• Requiring a mask to enter the worksite. 
  • Using shields or other barriers In situations where social distancing cannot be maintained. 

Other Infection Prevention Protocols 

Employees should also use hand sanitizer, wipes, and tissues to prevent potential infection. For more information on how to stop the spread of COVID-19 please refer to Help Stop the Spread

Take a moment and watch the video below for information on how to protect yourself from COVID – 19. 

Noncompliance with Personal Safety Guidelines 

Employees who do not comply with the personal safety guidelines outlined herein will be subject to corrective action up to and including removal from employment. 

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Break and Meal Protocols 


Employee breaks and meal periods will be staggered, when operationally feasible, to limit the number of employees in communal spaces at one time. Supervisors may alter meal periods and breaks to accommodate social distancing. Employees with medical conditions that require specific break times should speak with their supervisor prior to returning to work. Employees are encouraged to consider alternate sites for breaks which may include their workstation, designated meeting room, car, or outside space (if available). 

In consultation with the local Employee Relations Representative, supervisors will discuss any necessary work schedule changes that are required until such time as the state of emergency has ceased. 

Seating and Capacity 

  • Employees should sit six feet apart during breaks. Consider removing chairs or designating seats that can be used. 
  • Employees should adhere to posted occupancy limits in communal areas, including around vending and ATM machines. 
  • Employees should begin and end breaks at designated times. 


  • Employee should wipe tables, seats, all surfaces, refrigerator, vending machines, coffee pots, and microwave ovens before and after each use.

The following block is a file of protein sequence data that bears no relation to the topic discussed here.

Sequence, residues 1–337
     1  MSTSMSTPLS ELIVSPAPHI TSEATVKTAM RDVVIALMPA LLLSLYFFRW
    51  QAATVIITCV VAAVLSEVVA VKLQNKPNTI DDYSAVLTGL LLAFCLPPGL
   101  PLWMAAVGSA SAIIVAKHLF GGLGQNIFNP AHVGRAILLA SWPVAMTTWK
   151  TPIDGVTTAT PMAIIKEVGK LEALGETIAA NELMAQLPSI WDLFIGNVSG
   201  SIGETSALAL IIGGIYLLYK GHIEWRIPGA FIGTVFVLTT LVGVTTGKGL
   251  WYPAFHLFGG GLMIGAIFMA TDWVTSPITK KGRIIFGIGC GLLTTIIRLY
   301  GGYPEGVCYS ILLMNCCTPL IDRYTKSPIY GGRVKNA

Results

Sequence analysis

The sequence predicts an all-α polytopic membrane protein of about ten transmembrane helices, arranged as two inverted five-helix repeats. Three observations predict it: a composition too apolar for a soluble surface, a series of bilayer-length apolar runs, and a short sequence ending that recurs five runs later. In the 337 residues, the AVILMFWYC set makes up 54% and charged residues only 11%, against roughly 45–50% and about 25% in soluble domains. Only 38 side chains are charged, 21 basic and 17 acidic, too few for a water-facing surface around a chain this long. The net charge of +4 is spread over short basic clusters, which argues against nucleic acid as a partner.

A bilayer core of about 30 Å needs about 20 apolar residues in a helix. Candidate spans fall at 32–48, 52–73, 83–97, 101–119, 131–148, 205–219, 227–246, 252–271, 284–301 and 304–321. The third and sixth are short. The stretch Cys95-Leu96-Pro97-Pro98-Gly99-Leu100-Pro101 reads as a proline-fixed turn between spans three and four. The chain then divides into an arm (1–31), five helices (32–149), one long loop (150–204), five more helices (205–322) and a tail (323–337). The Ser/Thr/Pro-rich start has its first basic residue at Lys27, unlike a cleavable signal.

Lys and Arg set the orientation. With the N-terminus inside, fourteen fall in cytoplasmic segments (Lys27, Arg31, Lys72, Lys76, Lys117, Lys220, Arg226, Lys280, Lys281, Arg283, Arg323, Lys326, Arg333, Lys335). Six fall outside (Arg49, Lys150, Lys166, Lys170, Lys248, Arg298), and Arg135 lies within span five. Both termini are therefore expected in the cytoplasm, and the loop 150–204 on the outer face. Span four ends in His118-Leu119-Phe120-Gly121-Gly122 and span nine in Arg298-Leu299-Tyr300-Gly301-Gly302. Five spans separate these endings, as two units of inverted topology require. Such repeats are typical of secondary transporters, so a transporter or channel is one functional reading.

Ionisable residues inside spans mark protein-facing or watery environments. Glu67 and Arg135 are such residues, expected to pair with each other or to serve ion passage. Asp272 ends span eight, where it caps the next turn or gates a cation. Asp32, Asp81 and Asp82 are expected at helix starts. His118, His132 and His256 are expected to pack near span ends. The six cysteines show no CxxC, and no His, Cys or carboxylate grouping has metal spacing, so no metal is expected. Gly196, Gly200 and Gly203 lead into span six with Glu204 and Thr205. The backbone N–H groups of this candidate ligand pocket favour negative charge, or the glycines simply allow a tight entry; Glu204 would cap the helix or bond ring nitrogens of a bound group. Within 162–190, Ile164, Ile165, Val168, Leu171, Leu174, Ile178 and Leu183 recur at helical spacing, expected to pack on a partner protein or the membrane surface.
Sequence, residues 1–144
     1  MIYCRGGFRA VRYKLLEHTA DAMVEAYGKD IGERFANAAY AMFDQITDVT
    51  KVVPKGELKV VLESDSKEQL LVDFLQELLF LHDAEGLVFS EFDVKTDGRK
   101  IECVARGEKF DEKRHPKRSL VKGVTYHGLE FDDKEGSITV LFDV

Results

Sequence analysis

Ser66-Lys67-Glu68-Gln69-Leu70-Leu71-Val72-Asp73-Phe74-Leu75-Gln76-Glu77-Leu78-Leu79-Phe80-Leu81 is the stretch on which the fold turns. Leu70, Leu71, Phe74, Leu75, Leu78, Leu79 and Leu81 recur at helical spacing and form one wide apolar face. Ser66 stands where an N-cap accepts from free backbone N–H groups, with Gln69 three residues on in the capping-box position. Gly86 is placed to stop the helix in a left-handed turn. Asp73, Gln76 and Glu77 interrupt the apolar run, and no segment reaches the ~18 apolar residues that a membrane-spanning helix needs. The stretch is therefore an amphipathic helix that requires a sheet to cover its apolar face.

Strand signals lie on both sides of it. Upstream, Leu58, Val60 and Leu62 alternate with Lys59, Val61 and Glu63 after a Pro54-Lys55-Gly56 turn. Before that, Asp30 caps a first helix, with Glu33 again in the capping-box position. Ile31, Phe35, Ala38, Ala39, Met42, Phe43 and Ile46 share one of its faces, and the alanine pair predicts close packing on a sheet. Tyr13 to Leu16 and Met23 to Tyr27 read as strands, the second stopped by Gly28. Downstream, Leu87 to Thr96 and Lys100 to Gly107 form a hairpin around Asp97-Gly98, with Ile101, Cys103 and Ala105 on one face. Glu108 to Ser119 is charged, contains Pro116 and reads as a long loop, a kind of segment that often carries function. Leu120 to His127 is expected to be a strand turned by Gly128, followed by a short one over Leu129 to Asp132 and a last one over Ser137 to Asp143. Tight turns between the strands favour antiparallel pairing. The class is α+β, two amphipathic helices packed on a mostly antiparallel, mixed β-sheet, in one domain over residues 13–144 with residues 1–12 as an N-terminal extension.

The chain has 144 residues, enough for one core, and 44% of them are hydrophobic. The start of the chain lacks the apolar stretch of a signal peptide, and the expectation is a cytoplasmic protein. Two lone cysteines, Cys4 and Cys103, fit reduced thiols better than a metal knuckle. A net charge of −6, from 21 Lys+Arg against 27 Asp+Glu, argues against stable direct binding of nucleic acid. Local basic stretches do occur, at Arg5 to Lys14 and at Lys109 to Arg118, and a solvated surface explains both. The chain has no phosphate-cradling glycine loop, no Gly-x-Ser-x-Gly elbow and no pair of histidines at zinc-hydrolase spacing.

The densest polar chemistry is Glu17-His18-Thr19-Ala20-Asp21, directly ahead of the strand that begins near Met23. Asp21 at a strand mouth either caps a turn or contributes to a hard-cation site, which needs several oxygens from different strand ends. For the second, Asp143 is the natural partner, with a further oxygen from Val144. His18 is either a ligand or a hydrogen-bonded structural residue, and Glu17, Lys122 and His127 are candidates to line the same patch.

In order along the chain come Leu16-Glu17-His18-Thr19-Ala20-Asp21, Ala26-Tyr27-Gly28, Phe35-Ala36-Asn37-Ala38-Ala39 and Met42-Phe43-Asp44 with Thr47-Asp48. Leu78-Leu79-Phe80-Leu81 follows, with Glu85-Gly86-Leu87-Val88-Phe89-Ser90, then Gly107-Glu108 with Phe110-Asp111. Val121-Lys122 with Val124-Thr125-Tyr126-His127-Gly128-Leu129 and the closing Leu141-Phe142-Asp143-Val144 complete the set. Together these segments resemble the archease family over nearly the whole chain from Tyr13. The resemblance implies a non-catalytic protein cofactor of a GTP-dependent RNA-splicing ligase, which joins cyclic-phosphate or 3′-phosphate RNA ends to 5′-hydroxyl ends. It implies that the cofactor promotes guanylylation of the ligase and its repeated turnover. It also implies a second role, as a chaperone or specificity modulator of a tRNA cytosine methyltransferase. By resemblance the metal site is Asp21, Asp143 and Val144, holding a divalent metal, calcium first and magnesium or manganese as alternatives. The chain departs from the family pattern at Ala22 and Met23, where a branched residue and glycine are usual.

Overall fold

Communal Areas 

Employees should try to avoid direct contact with hard surfaces in communal areas, including refrigerators, microwaves, coffee pots, water coolers/fountains, chairs, tables, etc. Employees are encouraged to use paper towels to touch any surface and use wipes to disinfect before and after every use. 

Communal spaces should be cleaned throughout the day, with twice per shift as the minimum. 

Cleaning Personal Workspace 

Frequently touched areas or personal workstations—including tables, desktops, light switches, phones and keyboards—should be cleaned regularly. 

The CDC recommends cleaning appropriate surfaces with soap and water, if dirty, followed by a disinfectant. Many products recommend keeping the surface wet for a period of time or wearing gloves when using, so it is important to follow the instructions on the product label. 

Specifically, for electronics, remove visible contamination if present. If manufacturer guidance for cleaning is unavailable, consider cleaning these surfaces with alcohol-based 

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wipes or sprays containing at least 70 percent alcohol. Dry surfaces thoroughly to avoid pooling of liquids. Sprays should be applied to paper towel prior to disinfecting electronics. 

Supervisors will provide instructions and appropriate cleaning tools for your workstation. 

Worksite Safety